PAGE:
There's a technique for reducing separation anxiety, where you start by taking 2 minute trips trips away from the house a bunch of times, then 5-10 minute trips, then 20 minute trips and so on, until the dog's brain starts to be wired to associate you leaving with you coming back. If I'm remembering correctly it's detailed in the book Dog Sense by John Bradshaw. And it's described as something that you'd dedicate a long weekend or a few days to, not months of training.
posted by desert at 8:07 PM on November 9, 2018 [3 favorites]


When we first adopted our dog he had pretty bad separation anxiety. We used the method in Patricia McConnell's I'll Be Home Soon to cure him of it. It wasn't a quick fix; it was a matter of months. But it did work. The basic idea is that you give the dog a Kong filled with delicious food that she only gets when she's left alone in her crate and you leave her alone with it for increasingly longer periods of time, starting with less than a minute.

It sounds like you're not using a crate. You could probably still use this method without one, but then you'd have your dog slobbering on a Kong full of soft, messy food potentially anywhere in your house, like on your sofa. You might want to think about introducing a crate. We don't use one anymore, but it was handy at first. (The crate could be used when you want to get intimate, too.)

The more stressful experiences your dog has with being left alone, the harder it will be to convince her it's okay. So it's probably worth inconveniencing yourselves by not leaving her alone at all for now if possible and gradually working up to leaving for short periods. That might be the fastest, easiest path to being able to leave her alone in the long run.
posted by Redstart at 8:30 PM on November 9, 2018 [5 favorites]


When you get a new dog, it can be *really* hard to remember that it takes them a lot longer to adapt to you than you to them. You are in the same house, same routine, same food, same bed, with the same humans. Everything is new to the dog! It feels like time goes like molasses, but you're only 4 days in.

Another thing is that Shepherds are herding dogs, so some of that following you is just part of their personality. I had a Corgi who was very intent on knowing where everyone was at all times. If my husband and I were in different rooms she would position herself in the hall so she could monitor us both.

Said Corgi was really into her crate. She did *not* like being left alone to roam the house, even just for a few minutes. Once we put her in the crate, she knew that we were leaving and everything was fine.
posted by radioamy at 9:16 PM on November 9, 2018 [1 favorite]


We adopted a dog that also had terrible separation anxiety. He'd pee everywhere, howl, chew things. We were trapped in our house for an entire summer. One of us could leave, but not both at the same time.

He's completely fine now, and we used several methods to train him out of it:
1) "Don't Leave Me!" by Nicole Wilde. This was our bible, and the method is very similar to what Redstart describes.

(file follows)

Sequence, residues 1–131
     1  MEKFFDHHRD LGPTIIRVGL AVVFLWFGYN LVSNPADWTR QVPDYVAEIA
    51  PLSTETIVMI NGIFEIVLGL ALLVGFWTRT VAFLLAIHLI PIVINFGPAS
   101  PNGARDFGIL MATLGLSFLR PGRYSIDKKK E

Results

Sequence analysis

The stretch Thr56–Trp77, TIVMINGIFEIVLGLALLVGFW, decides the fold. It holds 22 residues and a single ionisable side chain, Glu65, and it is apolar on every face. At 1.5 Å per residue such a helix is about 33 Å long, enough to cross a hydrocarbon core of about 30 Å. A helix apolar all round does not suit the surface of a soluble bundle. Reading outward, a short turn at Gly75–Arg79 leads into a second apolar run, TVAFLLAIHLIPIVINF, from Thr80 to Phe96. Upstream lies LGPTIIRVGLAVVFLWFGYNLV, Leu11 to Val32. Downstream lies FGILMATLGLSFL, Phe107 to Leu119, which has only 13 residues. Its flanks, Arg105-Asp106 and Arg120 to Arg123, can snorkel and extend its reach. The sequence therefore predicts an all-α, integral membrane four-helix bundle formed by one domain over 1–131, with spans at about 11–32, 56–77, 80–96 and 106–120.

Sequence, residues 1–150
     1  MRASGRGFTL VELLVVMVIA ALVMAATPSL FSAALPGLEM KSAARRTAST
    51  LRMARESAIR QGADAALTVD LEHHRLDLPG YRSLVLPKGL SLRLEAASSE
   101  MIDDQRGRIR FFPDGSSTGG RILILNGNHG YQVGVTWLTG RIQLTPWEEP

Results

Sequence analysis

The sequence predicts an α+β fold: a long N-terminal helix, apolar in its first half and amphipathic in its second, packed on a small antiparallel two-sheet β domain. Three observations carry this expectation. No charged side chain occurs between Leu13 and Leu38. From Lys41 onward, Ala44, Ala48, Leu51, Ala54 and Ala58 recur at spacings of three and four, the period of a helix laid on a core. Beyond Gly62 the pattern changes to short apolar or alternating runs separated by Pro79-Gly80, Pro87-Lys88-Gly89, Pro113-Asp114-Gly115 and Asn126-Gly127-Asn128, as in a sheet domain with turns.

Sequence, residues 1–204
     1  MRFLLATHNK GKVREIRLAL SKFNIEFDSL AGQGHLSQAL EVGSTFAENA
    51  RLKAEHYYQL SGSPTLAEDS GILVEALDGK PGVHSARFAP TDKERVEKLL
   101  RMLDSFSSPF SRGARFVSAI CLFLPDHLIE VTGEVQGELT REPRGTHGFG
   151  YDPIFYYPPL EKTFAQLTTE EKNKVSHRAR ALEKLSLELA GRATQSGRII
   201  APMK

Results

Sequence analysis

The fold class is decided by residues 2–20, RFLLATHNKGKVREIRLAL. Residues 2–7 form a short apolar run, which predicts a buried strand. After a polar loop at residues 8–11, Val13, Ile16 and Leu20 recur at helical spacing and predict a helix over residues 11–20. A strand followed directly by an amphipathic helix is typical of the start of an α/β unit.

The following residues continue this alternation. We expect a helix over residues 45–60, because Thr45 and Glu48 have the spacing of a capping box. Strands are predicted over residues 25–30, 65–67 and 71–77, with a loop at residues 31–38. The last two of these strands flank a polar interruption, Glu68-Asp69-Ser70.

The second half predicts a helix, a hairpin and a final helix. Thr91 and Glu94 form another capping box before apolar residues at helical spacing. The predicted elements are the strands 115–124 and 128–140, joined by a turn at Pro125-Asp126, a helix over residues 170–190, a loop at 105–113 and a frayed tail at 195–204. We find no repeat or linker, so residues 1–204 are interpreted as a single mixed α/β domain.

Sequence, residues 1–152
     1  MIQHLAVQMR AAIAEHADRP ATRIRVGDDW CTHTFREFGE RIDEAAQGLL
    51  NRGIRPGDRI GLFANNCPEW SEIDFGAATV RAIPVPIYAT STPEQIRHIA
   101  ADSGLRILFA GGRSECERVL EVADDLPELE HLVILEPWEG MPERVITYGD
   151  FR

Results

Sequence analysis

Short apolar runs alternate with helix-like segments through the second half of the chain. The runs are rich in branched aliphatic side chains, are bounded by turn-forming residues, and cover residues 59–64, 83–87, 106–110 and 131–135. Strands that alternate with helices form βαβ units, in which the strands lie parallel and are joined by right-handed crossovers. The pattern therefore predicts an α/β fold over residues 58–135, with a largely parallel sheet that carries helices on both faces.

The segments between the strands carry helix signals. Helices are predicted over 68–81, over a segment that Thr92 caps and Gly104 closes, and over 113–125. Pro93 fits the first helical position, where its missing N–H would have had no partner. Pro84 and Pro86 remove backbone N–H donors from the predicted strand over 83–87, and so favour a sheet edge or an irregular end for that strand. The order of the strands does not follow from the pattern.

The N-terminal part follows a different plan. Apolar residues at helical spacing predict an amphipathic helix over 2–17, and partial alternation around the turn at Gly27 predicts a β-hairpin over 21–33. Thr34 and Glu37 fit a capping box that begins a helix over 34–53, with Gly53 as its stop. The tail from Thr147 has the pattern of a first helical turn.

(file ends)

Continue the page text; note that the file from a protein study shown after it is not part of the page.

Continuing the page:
2) Our dog would lose interest in the stuffed Kong as soon as we closed the front door. So, we trained him using a Treat-and-Train, which we would also leave on, constantly distributing treats, for a few minutes as we left the house. It's expensive, but it's worth its weight in gold. This little robot made the biggest difference in our being able to break our hound of his habits.
3) Lots of exercise. Long walks and hikes, dog park visits--then we'd leave him.
4) We crate trained him so he'd feel safe in the crate and wouldn't chew/pee on things when we were away. After about 3 years we stopped using the crate and he's perfectly fine now.

Good luck!
posted by Miss T.Horn at 9:31 PM on November 9, 2018


Routine is the key. Always follow the same routine when you leave the house & when you return.

She's already lost one family, she doesn't know yet that you aren't going to vanish too. By performing the same routine she will quickly realise when they do x then y then z they always come back. Make the last step of the routine giving the dog a lovely delicious treat ball or kong something that takes a while to eat, and if you're crating this is when you'd do it. Then leave calmly & quietly. When you return, take a few seconds to put your stuff away in the same routine manner then greet the dog calmly.

If you can arrange a walk before you go out even better. A tired dog is a happy dog.

Anti stress pheromone collars can help, but the main help is time, routine & coming back enough times the dog trust that you will return.

Patrica McConnels book linked to by Redstart is amazing.

Four days is nothing, the dog is probably following you around because it's not sure it's allowed to not follow you around yet. It's still on it's I'm visiting behavior. Heck it can take up to a month for a dog to relax enough in a new environment from trying to be "good" & figure out all their new rules for their real personalities to come out.

If nothing else I'd suggest some basic dog training classes for you & your dog. Not because the dog needs training, but because it sounds like the 2 of you are still getting to know each other & they are a great way for the dog to feel more confident.
posted by wwax at 9:43 PM on November 9, 2018 [3 favorites]


Seconding wwax HARD on the leading and returning calmly. No OTT "who's a good puppy? YOU ARE! Yes YOU! Did you miss us? We missed you too...." Leaving and returning need to be non-events (without sneaking away. I think that might create hyper-vigilance.)
posted by kate4914 at 10:23 AM on November 10, 2018


YMMV, but we solved this problem by getting a second dog as a companion for our first dog.
posted by GoldenEel at 12:38 PM on November 12, 2018